Apology: volume 10 issue 1
For reasons beyond our control we have not been able to publish our usual “summer” (in the Northern hemisphere) issue of Interface. We will publish a combined summer-and-winter issue (volume 10 issues 1 and 2) in late 2018. Our sincere apologies.
Volume 9 number 2, 2017
Social movement thinking beyond the core: theories and research in post-colonial and post-socialist societies
TABLE OF CONTENTS
(PDF 6.45 MB)
Solidarity statement with the striking university workers in the UK!
The Interface editorial spokescouncil expresses its solidarity with the tens of thousands of currently striking academic staff at 61 universities across the United Kingdom. Some of our authors, reviewers, editors and other collaborators and friends of Interface are also involved in this action. The academics’ trade union, UCU (University and College Union), had overwhelmingly voted in favour of strike action (86% of the 64 universities balloted), thus beating the draconian anti-union legislation implemented since last year and designed to impede a positive vote for industrial action. The 14-day long strike, which began on 22 February, is segmented into expanding blocks over the course of four weeks. University workers, with much support from students, are fighting in defence of their pension scheme, as the Universities UK’s (UUK, the committee of British universities’ vice chancellors) refusal to negotiate this decision would see huge cuts in pensions and make them susceptible to market speculation.
This is yet another attack on pension rights and what is left of the public university. Vice Chancellors have benefitted from absurd wage increases, leading aristocratic life styles at the expense of university workers, academic and support staff, and increasingly indebted and impoverished students paying high fees, but with fewer and fewer employment prospects after graduation. This is the consequence and culmination of the neoliberal agenda, marketization and backdoor privatisation that has been pursued by both the previous Conservative and New Labour governments for over two decades.
But university workers have said enough!, and are turning out in numbers on the picket lines braving the freezing temperatures and snow coming from a Siberian weather front, with teach-outs and many other mobilisations that inspire both students and university workers to re-learn the tools of collective resistance and explore the potential of education that re-connects the theory to practice, and practice to ideas where alternative futures are born.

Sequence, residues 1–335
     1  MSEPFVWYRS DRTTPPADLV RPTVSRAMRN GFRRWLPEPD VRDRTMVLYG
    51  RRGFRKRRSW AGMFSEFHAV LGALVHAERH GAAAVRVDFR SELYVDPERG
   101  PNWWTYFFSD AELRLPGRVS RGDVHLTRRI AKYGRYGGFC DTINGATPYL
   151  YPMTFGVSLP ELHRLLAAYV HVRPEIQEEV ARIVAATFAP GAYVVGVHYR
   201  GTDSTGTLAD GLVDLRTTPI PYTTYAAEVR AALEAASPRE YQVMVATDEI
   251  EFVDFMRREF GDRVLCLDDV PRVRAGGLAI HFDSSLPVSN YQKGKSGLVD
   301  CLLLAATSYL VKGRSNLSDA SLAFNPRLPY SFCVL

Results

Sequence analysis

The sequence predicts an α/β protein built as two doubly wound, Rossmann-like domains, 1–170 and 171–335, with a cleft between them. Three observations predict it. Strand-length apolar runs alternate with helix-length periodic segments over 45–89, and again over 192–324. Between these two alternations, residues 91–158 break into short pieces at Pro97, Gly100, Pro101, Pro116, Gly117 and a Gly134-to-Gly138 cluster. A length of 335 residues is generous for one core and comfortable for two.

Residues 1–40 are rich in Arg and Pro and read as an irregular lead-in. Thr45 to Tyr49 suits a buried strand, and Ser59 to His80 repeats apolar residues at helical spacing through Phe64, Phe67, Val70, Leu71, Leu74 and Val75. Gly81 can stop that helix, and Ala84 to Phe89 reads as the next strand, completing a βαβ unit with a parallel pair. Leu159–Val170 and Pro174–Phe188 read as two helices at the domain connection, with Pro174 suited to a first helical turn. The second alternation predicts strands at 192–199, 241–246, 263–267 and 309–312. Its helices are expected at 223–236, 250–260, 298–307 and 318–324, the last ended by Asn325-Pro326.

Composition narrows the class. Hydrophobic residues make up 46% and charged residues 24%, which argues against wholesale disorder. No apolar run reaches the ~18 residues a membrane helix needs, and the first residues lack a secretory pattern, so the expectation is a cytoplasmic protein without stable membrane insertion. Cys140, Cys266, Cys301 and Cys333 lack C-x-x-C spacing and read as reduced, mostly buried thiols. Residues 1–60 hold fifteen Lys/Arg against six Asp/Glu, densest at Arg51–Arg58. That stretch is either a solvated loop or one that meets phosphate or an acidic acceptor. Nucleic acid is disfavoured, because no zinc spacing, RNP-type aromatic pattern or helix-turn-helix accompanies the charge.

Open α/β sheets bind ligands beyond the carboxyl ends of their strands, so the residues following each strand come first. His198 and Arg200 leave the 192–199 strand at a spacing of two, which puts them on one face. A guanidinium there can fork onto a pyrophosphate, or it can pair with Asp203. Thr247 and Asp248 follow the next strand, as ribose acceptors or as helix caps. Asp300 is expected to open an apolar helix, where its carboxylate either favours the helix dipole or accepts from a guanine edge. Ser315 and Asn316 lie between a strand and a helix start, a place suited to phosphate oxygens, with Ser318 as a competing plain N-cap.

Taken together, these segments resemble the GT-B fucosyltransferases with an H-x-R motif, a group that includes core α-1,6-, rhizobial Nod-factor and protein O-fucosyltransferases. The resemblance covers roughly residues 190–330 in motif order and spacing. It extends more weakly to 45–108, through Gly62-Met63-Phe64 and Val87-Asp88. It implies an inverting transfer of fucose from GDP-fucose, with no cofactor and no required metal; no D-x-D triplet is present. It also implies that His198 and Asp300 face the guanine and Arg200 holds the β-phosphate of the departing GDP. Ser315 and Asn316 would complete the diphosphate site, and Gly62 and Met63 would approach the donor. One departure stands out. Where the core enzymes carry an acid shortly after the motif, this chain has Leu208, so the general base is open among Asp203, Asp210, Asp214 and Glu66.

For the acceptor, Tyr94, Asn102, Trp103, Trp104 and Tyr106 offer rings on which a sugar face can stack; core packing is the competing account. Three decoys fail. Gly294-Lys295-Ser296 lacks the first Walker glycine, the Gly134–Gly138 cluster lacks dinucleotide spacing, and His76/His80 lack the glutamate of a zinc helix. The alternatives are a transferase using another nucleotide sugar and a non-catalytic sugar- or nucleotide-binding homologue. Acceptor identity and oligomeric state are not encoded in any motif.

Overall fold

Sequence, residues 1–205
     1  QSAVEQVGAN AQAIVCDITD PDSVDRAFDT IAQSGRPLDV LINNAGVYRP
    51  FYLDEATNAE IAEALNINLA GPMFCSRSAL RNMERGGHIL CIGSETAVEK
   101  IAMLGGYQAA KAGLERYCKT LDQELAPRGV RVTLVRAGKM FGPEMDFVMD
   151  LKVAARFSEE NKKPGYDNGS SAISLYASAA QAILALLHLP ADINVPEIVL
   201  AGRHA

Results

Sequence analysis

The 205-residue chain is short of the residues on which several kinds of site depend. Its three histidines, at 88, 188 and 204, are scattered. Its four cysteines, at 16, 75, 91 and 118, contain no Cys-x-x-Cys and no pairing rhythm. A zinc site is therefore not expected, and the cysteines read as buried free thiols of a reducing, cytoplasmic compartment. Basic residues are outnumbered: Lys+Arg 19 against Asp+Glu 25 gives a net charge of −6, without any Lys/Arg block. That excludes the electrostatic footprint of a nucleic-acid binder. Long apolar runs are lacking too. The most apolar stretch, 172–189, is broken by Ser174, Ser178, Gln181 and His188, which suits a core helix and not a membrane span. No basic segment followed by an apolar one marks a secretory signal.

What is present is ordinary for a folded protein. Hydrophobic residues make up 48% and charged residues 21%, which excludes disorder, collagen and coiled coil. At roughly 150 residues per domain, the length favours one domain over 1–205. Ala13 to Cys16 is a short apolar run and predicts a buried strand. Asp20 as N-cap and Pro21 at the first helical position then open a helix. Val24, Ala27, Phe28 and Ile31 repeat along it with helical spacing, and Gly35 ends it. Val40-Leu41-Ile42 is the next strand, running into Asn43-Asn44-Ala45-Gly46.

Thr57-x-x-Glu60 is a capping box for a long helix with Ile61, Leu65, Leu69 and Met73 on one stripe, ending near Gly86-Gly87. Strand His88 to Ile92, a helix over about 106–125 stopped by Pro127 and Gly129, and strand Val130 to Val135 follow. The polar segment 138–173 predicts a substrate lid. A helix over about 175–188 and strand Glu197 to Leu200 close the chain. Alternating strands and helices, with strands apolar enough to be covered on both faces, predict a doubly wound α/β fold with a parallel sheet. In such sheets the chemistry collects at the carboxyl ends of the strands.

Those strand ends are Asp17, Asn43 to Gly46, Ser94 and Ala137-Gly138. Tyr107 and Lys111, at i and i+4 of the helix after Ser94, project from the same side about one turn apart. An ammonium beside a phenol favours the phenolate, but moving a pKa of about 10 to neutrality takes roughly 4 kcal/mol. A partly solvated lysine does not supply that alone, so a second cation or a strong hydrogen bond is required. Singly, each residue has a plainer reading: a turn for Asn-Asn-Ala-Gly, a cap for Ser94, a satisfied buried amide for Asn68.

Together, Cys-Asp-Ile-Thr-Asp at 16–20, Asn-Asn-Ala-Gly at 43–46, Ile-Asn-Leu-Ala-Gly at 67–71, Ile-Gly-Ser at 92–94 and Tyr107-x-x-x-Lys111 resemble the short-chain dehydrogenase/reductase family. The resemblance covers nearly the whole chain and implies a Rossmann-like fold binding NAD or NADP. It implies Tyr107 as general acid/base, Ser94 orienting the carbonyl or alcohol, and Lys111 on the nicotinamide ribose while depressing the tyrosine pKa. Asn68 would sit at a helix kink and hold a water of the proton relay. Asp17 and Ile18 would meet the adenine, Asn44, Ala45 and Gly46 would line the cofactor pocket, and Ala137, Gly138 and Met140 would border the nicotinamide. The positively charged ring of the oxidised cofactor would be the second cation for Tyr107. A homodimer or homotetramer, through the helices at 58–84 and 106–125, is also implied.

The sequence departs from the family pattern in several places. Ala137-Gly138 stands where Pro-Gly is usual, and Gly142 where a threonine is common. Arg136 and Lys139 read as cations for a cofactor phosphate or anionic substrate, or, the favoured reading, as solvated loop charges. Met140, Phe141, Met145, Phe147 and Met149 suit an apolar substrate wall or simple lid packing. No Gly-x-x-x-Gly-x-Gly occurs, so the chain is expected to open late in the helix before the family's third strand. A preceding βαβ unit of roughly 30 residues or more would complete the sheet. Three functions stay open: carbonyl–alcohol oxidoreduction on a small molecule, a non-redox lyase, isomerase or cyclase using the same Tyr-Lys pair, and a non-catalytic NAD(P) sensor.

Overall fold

Our solidarity and support to the striking workers and students in the UK!
Current call for papers:
Political parties, trade unions and social movements: emancipatory reconfigurations of popular organisation
(deadline May 1st 2017)
Ongoing technical difficulties:
Following a major server outage we have identified a number of difficulties with the Interface website, and are working on resolving these. In the meantime, pages which cannot be viewed here should be visible via
Sorry about this!
Interface flyer for distribution
We’ve (finally) done up a flyer for Interface. If you’d like to help us out, please download it (755k), print off a few and leave them around somewhere that interested people might see them (or stick one up on a noticeboard, or…) The flyer has great artwork by Rydell and isn’t looking for money or members. You can download it here. Thanks!
Interface article at the Athens Biennale
Marianne Maeckelbergh’s article “Horizontal democracy now: from alterglobalization to occupation“, published in Interface 4(1), was included in the 2013 Athens Biennale’s AGORA exhibition in a project by Eva Fotiadi and Nikos Doulos. Entitled “Event as process: cities in an ongoing state of emergency and the artists’ stance“, the project is an online engagement with “the city as a mediated portrait, artists’ responses, and the pursuit of spatial justice”.
Prize-winning Interface article
Congratulations to Peter Ullrich and Gina Wollinger, who won a German Surveillance Studies Network prize for their article in Interface 3/1, “A surveillance studies perspective on protest policing: the case of video surveillance of demonstrations in Germany“.